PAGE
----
An American archbishop has said that he decided to release almost 7,000 pages of documents related to clerical abuse in the hope of bringing healing to the victims and their families.
Archbishop Jerome Listecki of Milwaukee made the comments in an email entitled “Love One Another”, a communiqué to priests and others involved in ministry in his archdiocese. He sent the message six days before the archdiocese posted the documents on its website, Archmil.org, yesterday.
“My hope in voluntarily making these documents public is that they will aid abuse survivors, families and others in understanding the past, reviewing the present and allowing the church in southeastern Wisconsin to continue moving forward”, he wrote.
Among the documents released are depositions of retired Archbishop Rembert Weakland of Milwaukee, Milwaukee Auxiliary Bishop Richard Sklba and Cardinal Timothy Dolan taken in Chapter 11 proceedings. Cardinal Dolan, now New York’s archbishop, headed the Milwaukee archdiocese from 2002 to 2009.
Cardinal Dolan said he was grateful his deposition was included. Both giving the deposition and it being released with the other materials was “a chance to go on-the-record with how we responded to the clergy sexual abuse crisis during my years in Milwaukee,” he added.
“Responding to victim-survivors, taking action against priest-abusers, and working to implement policies to protect children, were some of the most difficult, challenging, and moving events” of his time as Milwaukee’s archbishop, he said, adding that he was guided by the “need for transparency and openness”.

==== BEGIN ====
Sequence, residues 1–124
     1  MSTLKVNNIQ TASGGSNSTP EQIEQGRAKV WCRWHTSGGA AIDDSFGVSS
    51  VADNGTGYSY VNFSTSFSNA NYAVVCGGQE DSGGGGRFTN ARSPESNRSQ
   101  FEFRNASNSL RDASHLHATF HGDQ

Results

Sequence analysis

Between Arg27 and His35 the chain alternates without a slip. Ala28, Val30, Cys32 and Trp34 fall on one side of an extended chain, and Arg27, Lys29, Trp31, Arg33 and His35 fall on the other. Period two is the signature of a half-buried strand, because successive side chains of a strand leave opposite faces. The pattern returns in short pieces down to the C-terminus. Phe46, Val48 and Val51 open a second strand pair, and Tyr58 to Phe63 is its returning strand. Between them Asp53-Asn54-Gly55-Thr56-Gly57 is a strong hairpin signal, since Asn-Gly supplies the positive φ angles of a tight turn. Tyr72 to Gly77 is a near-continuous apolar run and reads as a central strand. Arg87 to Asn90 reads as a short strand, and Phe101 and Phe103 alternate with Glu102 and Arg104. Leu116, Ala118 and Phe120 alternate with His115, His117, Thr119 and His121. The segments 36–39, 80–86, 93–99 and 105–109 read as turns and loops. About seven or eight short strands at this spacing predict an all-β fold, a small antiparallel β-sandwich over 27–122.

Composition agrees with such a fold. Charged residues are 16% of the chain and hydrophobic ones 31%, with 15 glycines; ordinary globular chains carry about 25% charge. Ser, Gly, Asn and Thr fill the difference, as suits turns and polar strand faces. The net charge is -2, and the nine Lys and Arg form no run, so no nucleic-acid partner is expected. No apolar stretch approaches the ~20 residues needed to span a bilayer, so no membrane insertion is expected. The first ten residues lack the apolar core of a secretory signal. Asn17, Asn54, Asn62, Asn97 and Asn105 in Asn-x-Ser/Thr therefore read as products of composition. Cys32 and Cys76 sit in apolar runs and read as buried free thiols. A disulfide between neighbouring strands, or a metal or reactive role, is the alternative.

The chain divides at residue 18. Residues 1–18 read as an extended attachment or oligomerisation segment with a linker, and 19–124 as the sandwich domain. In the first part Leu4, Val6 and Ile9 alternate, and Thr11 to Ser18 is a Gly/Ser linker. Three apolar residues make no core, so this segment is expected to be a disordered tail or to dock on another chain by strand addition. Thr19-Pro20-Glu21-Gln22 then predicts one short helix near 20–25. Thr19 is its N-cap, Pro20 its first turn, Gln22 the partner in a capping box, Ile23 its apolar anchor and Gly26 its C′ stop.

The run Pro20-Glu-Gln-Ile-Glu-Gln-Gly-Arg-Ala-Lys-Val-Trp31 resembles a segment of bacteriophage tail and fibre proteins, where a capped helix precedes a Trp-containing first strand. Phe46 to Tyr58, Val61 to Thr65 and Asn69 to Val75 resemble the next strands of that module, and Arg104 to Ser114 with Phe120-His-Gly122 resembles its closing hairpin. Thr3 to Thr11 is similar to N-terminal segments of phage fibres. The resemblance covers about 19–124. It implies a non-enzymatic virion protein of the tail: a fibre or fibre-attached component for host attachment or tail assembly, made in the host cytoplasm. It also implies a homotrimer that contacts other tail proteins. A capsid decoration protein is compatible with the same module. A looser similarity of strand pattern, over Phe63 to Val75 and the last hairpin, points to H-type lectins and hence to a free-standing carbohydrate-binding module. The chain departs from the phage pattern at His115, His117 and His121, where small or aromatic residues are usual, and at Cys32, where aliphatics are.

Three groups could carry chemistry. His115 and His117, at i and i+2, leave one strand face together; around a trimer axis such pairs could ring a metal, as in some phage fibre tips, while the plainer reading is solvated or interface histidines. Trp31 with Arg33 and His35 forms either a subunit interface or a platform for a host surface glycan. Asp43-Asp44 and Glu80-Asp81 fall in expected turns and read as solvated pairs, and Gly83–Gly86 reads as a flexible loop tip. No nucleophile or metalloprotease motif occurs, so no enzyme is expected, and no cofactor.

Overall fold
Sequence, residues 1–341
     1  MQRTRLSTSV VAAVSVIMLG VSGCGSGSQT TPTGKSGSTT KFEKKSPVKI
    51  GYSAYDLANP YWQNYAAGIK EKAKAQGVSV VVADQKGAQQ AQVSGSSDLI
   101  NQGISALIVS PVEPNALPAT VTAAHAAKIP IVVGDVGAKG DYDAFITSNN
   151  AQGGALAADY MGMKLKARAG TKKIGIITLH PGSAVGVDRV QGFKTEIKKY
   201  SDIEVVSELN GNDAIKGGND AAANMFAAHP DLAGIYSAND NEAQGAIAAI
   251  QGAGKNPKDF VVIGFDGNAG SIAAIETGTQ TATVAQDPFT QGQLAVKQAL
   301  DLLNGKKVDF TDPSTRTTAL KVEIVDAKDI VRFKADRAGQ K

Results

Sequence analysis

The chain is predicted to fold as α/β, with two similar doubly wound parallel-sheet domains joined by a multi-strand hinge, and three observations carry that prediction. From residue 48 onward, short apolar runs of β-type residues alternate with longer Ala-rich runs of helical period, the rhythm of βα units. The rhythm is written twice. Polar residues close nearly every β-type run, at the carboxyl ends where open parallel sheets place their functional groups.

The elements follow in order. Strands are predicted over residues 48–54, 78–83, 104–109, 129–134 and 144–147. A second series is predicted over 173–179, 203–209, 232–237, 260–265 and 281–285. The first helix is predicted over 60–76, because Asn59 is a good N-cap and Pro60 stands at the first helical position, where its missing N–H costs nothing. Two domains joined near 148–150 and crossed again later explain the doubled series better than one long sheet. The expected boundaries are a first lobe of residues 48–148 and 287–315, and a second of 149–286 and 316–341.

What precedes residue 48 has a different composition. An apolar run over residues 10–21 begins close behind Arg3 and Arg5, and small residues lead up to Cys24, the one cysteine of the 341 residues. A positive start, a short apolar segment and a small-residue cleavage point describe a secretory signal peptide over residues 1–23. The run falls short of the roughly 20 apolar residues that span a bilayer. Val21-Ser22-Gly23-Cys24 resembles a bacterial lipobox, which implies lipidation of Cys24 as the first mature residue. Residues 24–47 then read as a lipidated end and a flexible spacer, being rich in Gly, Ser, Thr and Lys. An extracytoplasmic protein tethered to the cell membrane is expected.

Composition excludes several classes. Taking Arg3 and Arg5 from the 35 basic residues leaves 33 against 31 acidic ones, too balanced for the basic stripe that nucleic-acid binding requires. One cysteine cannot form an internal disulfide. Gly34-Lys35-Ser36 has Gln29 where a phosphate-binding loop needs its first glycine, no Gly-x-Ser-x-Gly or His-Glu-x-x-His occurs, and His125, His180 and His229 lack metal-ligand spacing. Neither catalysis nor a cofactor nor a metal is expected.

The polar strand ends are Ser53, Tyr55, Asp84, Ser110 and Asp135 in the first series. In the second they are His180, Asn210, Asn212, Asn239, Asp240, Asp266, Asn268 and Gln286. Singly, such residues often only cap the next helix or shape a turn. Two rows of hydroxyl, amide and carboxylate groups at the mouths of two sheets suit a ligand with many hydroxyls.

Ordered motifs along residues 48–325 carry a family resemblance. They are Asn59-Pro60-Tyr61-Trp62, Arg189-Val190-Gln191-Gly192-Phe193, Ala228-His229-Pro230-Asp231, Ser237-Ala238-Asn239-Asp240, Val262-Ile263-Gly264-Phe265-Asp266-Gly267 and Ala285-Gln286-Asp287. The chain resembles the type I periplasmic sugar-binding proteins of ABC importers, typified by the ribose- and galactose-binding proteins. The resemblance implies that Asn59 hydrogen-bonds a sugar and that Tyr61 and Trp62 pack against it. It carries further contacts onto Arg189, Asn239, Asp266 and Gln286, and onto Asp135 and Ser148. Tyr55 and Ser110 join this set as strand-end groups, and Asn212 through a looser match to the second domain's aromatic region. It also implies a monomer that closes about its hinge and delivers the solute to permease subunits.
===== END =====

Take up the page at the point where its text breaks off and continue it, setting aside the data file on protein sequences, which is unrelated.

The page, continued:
“The sexual abuse of minors is a crime and it is a sin,” Cardinal Dolan said. “The Church must remain rigorous in our response when an allegation of abuse is received, and ever-vigilant in maintaining our safeguards to do all that we can to see that children are protected.”
In his “Love One Another” email, Archbishop Listecki said that “there are some terrible things described in many of the documents”.
“Reading accounts of sexual abuse, whether by a priest, teacher, coach or family member, [is] ugly and unpleasant,” he wrote, adding he worries about the reactions of abuse survivors when confronted again with this material.
The archbishop noted he also worried about the effect the document release would have on Catholics and the general population.
“News about this topic can shake one’s faith. In fact, if you decide to go and review this material, prepare to be shocked,” he wrote.
Maryangela Layman Roman is on the staff of the Catholic Herald, a publication serving the Catholic community in southeastern Wisconsin